MLB: NLDS-Atlanta Braves at Los Angeles Dodgers

As Drew wrote prior to postseason play last week, the playoffs are about results. To take it a bit further, the playoffs are about magnification. Events taken for granted during the 162-game slog due to the constant repetition — and, lest we forget, the absurd ability and reliability of the major league ballplayer — suddenly jump to the forefront.

This October, and specifically in the Los Angeles-Atlanta NLDS, the magnifying lens could be on one of the littlest of the so-called little things: the pitcher covering first base on ground balls hit to the right side.

In Sunday night’s Game 3, Hyun-Jin Ryu’s shakiness carried over to his play in the field. In the third inning with the Dodgers up 4-2, nobody out and the bases loaded, Ryu went to cover the bag on a potential 3-6-1 double play. The 3-6-1 is probably the second-hardest double play to turn, only behind the 3-6-3. In both cases, the difficulty is in orientation — finding the bag with a foot and the ball with a glove at the same time can be dizzying, and that sure looks like what happened to Ryu here.

More egregious — at least by degree of difficulty — was Luis Ayala‘s misplay Friday in Game 2, a play that looked to have grave consequences at the time. Ayala was covering first base on a Michael Young ground ball to the first baseman but simply missed the bag as the throw came in from Freddie Freeman. The Braves led 2-1 at the time, and the play put runners on first and third with one out. Luis Avilan, Ayala’s replacement, bailed him out with an absurd double play on a Carl Crawford ground ball up the middle. The Braves’ win expectancy was down to 57.1 percent after Ayala’s gaffe, the lowest they would face for the rest of the game.

Both teams ended up winning in spite of their pitchers’ inability to field their position, but both weighed heavily at their respective points in the game. During the regular season, we could be certain pitchers would make the next 99 of 100, as they usually do, and leave it at that. But with elimination bearing down on Atlanta, the threat of the one exception coming Monday (or Wednesday for either team should Atlanta win) is magnified after the events of the first three games.

Back in April, these plays get a certain treatment from announcers. The PFP drills — pitcher fielding position — are one of the first things teams work on in spring training, and as such any standard 3-1 groundout is always accompanied by praise for the pitcher’s spring work and, if we’re lucky, highlights of guys in their spring training duds running to cover first base. It’s the least intense highlight package of all time.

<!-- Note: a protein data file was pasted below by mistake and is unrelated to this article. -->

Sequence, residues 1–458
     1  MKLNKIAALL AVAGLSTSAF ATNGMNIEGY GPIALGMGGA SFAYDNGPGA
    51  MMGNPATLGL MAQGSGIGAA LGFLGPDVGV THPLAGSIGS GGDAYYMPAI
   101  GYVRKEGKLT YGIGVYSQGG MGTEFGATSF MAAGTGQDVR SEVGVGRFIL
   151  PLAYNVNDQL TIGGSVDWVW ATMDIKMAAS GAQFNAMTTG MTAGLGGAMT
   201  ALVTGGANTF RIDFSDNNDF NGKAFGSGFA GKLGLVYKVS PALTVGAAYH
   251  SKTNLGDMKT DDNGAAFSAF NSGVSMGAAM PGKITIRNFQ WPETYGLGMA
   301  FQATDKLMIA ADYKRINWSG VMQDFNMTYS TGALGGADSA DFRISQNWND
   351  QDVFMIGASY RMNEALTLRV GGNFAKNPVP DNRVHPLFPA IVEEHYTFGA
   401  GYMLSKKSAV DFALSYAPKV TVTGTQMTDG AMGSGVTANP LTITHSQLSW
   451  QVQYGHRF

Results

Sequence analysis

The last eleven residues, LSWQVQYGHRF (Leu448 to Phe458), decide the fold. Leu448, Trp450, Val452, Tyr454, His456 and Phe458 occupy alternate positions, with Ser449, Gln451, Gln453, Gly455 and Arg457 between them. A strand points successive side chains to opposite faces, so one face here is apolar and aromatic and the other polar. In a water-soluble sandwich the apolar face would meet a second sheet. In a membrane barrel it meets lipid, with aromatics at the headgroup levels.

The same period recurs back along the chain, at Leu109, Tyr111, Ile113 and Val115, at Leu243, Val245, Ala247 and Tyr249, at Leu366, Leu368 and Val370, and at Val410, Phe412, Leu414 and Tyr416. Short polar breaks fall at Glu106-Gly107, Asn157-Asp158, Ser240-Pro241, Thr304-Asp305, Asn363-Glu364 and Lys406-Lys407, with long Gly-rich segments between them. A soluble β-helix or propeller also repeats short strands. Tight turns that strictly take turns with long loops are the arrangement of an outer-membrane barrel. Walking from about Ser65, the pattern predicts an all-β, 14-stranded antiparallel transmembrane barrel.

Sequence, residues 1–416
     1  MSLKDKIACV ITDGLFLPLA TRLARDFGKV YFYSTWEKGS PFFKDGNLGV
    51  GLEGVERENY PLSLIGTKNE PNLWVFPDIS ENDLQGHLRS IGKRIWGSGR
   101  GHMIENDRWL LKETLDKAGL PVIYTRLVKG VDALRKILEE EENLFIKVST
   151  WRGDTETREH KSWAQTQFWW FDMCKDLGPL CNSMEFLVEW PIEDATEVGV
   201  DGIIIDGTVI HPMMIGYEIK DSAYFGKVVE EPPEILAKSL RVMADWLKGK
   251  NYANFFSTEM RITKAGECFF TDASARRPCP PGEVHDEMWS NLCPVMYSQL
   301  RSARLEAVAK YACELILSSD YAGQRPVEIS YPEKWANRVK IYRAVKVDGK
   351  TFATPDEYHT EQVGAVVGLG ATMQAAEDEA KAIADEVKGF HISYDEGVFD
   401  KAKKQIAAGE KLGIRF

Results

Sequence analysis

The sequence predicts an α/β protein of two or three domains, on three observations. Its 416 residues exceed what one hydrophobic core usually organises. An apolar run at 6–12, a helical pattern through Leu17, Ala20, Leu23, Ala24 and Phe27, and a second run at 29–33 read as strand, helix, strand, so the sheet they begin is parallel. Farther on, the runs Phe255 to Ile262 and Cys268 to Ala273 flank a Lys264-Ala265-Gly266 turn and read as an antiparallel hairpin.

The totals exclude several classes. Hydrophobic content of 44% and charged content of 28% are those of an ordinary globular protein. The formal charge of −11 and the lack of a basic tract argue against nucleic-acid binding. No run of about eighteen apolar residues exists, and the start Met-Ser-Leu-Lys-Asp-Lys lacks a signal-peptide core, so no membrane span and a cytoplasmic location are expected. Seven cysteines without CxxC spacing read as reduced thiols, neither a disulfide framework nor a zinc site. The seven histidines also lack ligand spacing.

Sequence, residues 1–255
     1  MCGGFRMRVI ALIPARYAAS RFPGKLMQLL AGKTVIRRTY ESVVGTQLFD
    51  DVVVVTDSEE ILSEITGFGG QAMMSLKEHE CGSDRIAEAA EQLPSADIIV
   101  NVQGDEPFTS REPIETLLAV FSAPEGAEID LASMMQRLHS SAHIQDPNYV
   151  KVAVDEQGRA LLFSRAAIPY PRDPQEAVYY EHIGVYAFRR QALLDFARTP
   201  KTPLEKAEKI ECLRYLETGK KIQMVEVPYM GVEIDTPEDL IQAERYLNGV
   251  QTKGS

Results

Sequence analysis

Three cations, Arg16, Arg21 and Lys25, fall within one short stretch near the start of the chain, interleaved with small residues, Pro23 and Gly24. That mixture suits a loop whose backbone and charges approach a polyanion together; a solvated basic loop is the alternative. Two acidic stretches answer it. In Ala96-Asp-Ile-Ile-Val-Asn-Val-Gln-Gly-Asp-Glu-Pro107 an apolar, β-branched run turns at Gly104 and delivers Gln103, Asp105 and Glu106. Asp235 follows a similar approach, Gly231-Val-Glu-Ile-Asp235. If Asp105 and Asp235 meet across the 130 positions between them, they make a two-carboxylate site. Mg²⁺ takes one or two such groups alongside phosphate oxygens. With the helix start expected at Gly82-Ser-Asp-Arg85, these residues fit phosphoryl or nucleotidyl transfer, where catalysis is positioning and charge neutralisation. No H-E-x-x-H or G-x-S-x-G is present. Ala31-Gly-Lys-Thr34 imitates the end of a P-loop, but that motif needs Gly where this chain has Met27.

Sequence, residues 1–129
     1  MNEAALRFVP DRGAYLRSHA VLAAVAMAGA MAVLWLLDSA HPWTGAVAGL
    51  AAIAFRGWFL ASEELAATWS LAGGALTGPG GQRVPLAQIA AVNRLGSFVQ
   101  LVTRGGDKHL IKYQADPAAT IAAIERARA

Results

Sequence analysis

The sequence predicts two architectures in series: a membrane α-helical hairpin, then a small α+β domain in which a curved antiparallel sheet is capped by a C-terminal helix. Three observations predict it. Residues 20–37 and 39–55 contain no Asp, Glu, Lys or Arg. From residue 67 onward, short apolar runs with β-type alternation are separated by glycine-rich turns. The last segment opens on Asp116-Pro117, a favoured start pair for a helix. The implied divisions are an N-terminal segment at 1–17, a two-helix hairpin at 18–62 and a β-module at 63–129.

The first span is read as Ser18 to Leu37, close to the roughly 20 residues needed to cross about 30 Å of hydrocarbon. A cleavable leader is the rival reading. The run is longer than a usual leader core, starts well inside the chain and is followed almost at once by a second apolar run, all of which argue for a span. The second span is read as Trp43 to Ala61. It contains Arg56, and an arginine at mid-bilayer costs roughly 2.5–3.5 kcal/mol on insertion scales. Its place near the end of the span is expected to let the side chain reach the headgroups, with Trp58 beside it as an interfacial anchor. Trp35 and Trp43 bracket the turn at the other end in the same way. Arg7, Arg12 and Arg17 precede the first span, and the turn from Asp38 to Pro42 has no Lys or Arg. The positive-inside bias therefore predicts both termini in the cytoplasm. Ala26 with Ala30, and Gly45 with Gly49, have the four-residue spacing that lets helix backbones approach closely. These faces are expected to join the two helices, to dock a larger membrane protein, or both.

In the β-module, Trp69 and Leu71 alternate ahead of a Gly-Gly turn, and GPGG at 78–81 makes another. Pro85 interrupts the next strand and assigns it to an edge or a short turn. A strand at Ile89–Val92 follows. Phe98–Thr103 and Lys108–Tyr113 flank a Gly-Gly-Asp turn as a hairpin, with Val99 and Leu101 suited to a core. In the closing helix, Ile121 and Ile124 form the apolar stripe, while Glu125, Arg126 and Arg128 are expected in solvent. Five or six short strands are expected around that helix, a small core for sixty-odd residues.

But there is one thing you’ll notice in these highlight packages, if you watch closely: the pitchers don’t take a direct line to first base, like Ayala and Ryu both did. Instead, the proper form is to curve up the line in somewhat of a J-shape, as the Ripken brothers (yes, those Ripkens) demonstrate here with the help of Greg Maddux and pals:

The curved route to the base we see from Maddux (Cubs-era Maddux, no less) et. al. gives the pitcher a far easier angle to touch the base and catch the ball at the same time. It also helps injury by allowing the pitcher to touch the side of the base as opposed to the middle, which could easily result in a nasty spike injury — Braves pitcher Tim Hudson has been out since August and will miss the postseason with a broken ankle as a result of a bang-bang play at first where both his foot and runner Eric Young‘s foot went for the middle of the bag at the same time.

If only Ayala and Ryu (and Hudson) had played The Ripken Way!

But in all seriousness, although the plays Ayala and Ryu biffed were difficult, they likely would have been outs had the pitchers followed the technique drilled in February and March as camp began. As the playoffs approach and bodies are broken down, the time and energy for these drills dissipate. A hiccup in the regular season is just a blip, one note mixed among thousands of defensive chances.

But in a best of five, where it only takes 81 outs to advance, each chance is gigantic, and even something as small as the route a pitcher takes to the base can become the lynchpin of a season. Both teams are just lucky these gaffes haven’t cost them a game yet. Chances are they won’t be so fortunate should it happen again.